A survey of civic organizations that have embraced the BDS agenda would show a number of groups (possibly a majority) in a state of institutional collapse. Which surfaces the question of whether dying organizations tend to embrace BDS on their way to oblivion vs. the embrace of the BDS being the cause (vs. the symptom) of decay.
An example I’ve covered ad nauseam for the “dying institutions embrace BDS” argument is the US Presbyterian Church (PCUSA) which voted in BDS in 2004, only to overturn that vote in 2006 with subsequent votes in 2008, 2010 and 2012 also ratifying lack of interest for returning to the BDS fold.
Like the University of Michigan – now about to enjoy its tenth referendum on boycotting Israel – the Presbyterian Church was never going to be left alone by the Israel haters until they finally voted as they were told (which they finally did in 2014 when they reinstated their BDS credentials).
Those who understood church politics well enough to see past the BDS issue understood that boycott votes that took place year after year after year were a symptom of a much deeper problem within the church having nothing to do with Israel or the Middle East. For the Presbyterian Church, like all Mainstream Protestant denominations in the US, has seen membership decline by 50% over the last several decades and has struggled to stay relevant in a world where people are not interested in listening to what the church has to say, much less joining a dying institution.
This collapse of membership can be traced to changes in the wider culture, notably secularization and the rise of popular Evangelical Christianity. Both of these factors created competition for the Mainline Protestant denominations (which include Methodists, Episcopalians, Lutherans as well as different branches of Presbyterianism) who tried to deal with these challenges through a logical approach that only accelerated their decline.
Why, thought the Mainliners decades ago when these trends were becoming apparent, should we be making it easy for people to join Evangelical churches or abandon church affiliation altogether by making it harder to understand, much less embrace, the creed of one Protestant sect over another? Why, in other words, should subtle and difficult-to-understand doctrinal difference between Methodist and Presbyterian (for example) become a barrier for someone to join either church?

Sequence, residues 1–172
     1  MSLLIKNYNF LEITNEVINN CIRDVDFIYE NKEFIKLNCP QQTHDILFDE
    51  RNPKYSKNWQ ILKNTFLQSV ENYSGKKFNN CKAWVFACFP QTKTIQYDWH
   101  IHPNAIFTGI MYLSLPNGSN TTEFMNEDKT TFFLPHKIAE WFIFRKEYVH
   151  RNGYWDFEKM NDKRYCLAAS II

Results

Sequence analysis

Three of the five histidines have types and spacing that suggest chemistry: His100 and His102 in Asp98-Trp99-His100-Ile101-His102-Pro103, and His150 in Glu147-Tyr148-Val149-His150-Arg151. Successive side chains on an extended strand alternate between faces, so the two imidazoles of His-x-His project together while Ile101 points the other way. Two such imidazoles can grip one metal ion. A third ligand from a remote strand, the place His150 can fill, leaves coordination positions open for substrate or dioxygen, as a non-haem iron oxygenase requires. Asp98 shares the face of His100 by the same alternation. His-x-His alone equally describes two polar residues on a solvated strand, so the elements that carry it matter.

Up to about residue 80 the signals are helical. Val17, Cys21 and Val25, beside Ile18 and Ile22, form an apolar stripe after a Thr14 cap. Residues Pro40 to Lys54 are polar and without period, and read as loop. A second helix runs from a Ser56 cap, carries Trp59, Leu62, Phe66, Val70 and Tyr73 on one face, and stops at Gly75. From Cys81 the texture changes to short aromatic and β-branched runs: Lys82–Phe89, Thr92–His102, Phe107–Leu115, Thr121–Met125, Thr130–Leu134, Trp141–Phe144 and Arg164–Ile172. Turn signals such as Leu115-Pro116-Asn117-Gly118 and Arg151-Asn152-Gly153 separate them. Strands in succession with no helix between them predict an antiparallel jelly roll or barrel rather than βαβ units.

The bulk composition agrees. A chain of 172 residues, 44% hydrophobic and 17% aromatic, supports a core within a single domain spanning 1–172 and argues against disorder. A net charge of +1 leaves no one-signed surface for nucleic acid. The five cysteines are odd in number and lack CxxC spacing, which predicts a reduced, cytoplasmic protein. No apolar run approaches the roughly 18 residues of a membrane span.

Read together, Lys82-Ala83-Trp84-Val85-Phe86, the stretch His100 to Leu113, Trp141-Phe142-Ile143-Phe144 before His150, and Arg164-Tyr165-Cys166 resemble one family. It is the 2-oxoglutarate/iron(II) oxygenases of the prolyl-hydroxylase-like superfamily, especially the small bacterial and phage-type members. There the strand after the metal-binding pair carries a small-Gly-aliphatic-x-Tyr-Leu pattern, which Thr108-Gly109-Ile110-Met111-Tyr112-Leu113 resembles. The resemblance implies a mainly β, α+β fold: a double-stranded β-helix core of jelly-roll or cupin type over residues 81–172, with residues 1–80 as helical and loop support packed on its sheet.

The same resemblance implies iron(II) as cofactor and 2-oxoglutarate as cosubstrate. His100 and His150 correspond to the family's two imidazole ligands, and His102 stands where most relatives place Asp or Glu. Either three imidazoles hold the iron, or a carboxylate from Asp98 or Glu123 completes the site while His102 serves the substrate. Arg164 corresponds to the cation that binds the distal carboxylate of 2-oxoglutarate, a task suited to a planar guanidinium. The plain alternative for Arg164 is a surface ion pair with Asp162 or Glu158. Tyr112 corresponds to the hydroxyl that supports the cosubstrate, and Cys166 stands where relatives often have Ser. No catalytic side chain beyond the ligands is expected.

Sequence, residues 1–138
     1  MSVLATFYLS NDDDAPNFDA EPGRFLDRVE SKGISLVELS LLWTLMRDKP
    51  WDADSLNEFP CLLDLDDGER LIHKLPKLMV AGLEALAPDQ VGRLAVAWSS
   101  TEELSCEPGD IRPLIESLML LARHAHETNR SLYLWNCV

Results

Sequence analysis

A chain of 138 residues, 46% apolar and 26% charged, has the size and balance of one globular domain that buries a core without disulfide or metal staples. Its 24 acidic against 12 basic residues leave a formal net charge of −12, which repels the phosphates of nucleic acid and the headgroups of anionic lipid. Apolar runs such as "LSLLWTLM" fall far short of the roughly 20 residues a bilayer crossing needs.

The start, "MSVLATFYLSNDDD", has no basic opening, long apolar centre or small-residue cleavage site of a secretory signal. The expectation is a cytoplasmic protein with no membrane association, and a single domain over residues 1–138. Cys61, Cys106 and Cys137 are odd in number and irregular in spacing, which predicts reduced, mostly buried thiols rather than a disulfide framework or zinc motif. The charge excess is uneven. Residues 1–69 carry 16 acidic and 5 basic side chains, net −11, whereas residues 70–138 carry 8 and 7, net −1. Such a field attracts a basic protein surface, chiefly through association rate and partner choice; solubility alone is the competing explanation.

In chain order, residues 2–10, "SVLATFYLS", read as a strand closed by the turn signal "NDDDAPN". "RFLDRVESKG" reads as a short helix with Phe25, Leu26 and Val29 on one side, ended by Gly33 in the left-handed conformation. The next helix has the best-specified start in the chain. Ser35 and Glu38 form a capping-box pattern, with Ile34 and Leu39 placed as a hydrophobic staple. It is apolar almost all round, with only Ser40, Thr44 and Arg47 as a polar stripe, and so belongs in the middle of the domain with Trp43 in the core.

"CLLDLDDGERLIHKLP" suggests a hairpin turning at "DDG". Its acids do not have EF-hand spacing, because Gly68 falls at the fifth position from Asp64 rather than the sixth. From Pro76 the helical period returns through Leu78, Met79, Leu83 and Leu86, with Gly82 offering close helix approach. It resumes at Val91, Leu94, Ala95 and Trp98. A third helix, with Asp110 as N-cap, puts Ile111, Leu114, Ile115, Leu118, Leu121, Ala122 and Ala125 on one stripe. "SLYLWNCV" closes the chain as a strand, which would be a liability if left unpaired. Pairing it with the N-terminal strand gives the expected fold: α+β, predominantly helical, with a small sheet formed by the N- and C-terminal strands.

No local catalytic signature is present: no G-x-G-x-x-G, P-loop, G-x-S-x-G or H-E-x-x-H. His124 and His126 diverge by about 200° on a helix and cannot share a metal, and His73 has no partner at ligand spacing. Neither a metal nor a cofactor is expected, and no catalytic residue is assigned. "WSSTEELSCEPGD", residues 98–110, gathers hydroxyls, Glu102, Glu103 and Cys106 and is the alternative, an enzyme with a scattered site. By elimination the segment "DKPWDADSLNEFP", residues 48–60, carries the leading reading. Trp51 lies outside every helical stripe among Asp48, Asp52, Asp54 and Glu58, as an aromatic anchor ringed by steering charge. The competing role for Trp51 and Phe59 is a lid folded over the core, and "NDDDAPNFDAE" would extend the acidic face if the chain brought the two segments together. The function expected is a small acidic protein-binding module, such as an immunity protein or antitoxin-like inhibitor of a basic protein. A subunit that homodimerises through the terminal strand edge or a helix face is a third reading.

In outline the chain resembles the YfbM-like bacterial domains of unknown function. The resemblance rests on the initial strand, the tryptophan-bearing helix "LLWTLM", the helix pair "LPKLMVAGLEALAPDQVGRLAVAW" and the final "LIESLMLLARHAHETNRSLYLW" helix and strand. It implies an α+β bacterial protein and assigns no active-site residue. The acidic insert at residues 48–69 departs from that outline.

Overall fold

And so the Mainline churches joined together in ecumenical communion in which these differences in doctrine were played down in order to stress what united vs. what separated one Mainline institution from another.
Perfectly reasonable, most of us would agree even today. But as it turned out de-emphasizing what made it unique to be a Presbyterian made it difficult to explain what unique value one would get out of becoming one. And having put aside religious disputes to focus on areas of agreement, what most churches found agreement on was secular politics.
This swing towards politics had two unintended consequences.
First, it helped to accelerate the decline of every church participating in this strategy. For, as it turned out, if all the church was offering were ways to participate in social justice causes, then it was competing with a host of secular organizations, many of them offering more direct and effective opportunities to fight for those same causes. More importantly for readers of this site, the focus on politics made these organizations vulnerable to those who wanted to leverage church reputation for their own political ends.
And this is the true cause of how BDS became Presbyterian dogma, replacing older dustier traditions outlined in the church’s Book of Order, as the source of militant, decades-long debate. It was during the course of this transition that church leaders rose to their positions fully committed to the anti-Israel cause – regardless of what harm it might do to the church they purported to lead.
And thus the corruption that led to countless BDS votes turned an organization that once served as backbone to US cultural life into nursing home for aging members and clergy, led by officials more interested in overseeing the decline of a politically homogenous institution than building up a church that might stray from now doctrinal anti-Israel animus.
So here we have an example of how a dying religious institution tried to redefine itself as a secular political one, only to see its collapse accelerate as outsiders with no interest in the church scavenged the remains in hope of giving their BDS agenda unearned weight. One can see secular examples of similar “Walking Dead” institutions in groups like the Lawyer’s Guild.
With PCUSA as the exemplar of the “dying institutions tend to embrace BDS” hypothesis, we will next turn to an example where the embrace of Israel hatred preceded organization disintegration: The Quakers.
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